Through much of Mike Bushman’s childhood, his dream career was journalism, thinking he could best improve people’s lives through writing.
After high school and University of Illinois years that included newspaper editor in chief stints at both levels, he decided to learn how the world really works before writing about it professionally. For the next 25 years he worked as a congressional aide, lobbyist, press secretary, investor relations executive, corporate and marketing communications leader and global policy head. During those years, he earned an MBA with honors from the University of Chicago.
Mike’s long inside exposure to government, business, finance and media helped him understand the personal interests that often drive important decisions. He watched leaders succeed and fail. He watched friends and acquaintances succeed and fail. He succeeded, and failed. He also learned how to find common agreement where most saw division.
After retiring from his last corporate role as vice president of global policy and stakeholder engagement at one of the world’s largest sustainability service companies, Mike returned to his first passion with two novels of the future world we face if we continue on today’s divisive political path. Mike’s newest book, Suicide Escape, is a unique combination of novella and memoir addressing deeply personal stories of teenage depression that highlight what Mike has learned through adulthood that he wishes he understood as a young teen contemplating suicide.
In Melting Point 2040, Mike exposed readers to how everyday Americans are affected in the year 2040 if our melting pot reaches a boiling point because of failures to implement the right policies today. Mike’s second novel, Secession 2041, tells the rest of the story of how America comes to the brink of divide, and what happens when it reaches that precipice.
What do you hope to accomplish with your writing?
When it comes to the topics of depression, mental illness and suicide, my hope is to provide interesting stories that facilitate conversations to help people dealing with these challenges. As I try to convey in Suicide Escape, this is a deeply personal topic to me. Even as I was writing and revising the book, sharing my story with people around me provided an opportunity to learn about the difficulties others have faced or are facing.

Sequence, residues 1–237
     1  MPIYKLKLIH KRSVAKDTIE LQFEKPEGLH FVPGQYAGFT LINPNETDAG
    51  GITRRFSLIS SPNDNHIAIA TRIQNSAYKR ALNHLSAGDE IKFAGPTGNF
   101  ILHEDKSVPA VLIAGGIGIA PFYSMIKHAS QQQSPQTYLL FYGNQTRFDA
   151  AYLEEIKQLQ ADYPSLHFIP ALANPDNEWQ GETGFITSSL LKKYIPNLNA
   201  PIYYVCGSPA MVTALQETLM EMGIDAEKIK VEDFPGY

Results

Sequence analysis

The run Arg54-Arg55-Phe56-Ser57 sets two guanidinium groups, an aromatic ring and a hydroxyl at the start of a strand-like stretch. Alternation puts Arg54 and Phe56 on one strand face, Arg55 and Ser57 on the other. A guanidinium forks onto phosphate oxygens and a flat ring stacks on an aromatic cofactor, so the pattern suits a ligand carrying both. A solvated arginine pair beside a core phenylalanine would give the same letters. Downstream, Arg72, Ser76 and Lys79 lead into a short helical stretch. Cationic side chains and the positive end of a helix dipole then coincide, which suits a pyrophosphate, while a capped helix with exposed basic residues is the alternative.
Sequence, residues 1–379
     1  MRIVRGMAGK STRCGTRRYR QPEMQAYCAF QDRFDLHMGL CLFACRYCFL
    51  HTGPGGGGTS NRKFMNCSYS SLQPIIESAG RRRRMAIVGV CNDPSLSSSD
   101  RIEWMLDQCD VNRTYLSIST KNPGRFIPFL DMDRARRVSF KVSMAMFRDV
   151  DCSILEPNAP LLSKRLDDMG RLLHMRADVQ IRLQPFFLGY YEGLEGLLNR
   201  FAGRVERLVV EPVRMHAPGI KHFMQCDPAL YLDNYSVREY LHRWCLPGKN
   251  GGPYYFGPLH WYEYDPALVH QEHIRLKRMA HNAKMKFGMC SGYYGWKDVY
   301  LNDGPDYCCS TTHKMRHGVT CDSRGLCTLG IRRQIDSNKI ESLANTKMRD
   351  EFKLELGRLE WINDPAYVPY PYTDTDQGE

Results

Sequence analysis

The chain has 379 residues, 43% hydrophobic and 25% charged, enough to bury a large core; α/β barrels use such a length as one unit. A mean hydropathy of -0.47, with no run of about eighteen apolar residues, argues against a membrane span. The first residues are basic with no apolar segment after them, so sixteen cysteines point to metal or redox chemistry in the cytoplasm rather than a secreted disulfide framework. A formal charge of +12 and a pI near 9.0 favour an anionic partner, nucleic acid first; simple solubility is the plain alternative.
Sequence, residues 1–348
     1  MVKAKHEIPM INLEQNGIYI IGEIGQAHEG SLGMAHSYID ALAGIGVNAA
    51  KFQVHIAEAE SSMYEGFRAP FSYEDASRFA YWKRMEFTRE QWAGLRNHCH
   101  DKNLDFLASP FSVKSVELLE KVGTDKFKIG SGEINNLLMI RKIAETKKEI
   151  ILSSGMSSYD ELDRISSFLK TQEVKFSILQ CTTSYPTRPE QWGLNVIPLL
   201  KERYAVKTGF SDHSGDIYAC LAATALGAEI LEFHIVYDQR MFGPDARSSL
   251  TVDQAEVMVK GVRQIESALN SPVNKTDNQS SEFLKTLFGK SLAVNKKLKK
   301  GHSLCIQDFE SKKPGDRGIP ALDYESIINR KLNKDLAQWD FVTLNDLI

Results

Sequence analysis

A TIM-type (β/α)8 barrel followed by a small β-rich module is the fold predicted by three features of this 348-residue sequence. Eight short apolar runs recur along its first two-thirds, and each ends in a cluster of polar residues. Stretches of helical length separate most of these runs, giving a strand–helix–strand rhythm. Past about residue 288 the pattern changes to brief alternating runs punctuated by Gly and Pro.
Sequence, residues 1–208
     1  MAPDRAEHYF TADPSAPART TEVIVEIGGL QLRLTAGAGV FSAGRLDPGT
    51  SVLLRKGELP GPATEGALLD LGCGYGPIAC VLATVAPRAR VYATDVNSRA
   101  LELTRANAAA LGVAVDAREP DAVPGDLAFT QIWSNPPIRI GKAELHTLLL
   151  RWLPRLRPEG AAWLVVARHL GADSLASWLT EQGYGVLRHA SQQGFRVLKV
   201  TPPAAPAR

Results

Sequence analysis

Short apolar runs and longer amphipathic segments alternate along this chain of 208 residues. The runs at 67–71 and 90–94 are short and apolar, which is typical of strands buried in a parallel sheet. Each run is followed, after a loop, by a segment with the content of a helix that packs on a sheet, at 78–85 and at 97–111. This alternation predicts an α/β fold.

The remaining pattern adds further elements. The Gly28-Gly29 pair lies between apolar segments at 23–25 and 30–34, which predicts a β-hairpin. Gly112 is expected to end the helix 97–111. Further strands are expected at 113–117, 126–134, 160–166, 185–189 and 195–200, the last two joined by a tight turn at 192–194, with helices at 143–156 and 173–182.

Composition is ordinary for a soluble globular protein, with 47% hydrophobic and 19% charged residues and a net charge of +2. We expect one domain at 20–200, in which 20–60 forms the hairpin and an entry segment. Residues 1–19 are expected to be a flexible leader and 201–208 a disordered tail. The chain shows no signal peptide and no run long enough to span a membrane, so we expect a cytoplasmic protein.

On the politically oriented writing, I’ve become increasingly concerned that our American political system is structured to favor political partisans over those interested in doing what’s right for America. On several major issues, I believe both political parties are missing the right answers, largely because they cater disproportionately to single-issue advocates and extremists who carry disproportionate weight in primaries. My writing focuses on these issues, including campaign finance and political system reform, immigration, language and several other key issues. Beyond this, I enjoy learning, thinking and, ultimately, influencing others to more deeply explore complex issues.
Why did you write Melting Point 2040 and Secession 2041 as stories rather than publish a policy paper?
There are a lot of smart people working in and around government. Almost everyone involved writes policy papers explaining why what they want should be adopted. Adding my voice to this format won’t move anyone. So I write to connect logic to emotion, to focus on what should happen rather than what can be passed, to explore how people might react to the positions we put them in. At the same time, I want to help readers think, care, laugh, cry and hope. I haven’t figured out how to do this in a policy paper.
What makes you an expert on the topics you write about?
I’ve had a great formal education, worked in interesting places with interesting people, and had a lifelong love of learning. I think a lot, having been bitten early in life by a love for this country and through global work exposure to a real appreciation for common humanity around the world. My thoughts may not be conventional, but my hope is that as you think about them, you’ll be intrigued enough to explore whether these ideas should shape your perspective.
You write about controversial topics using characters who have very different views of the world. Aren’t you afraid this will turn people off?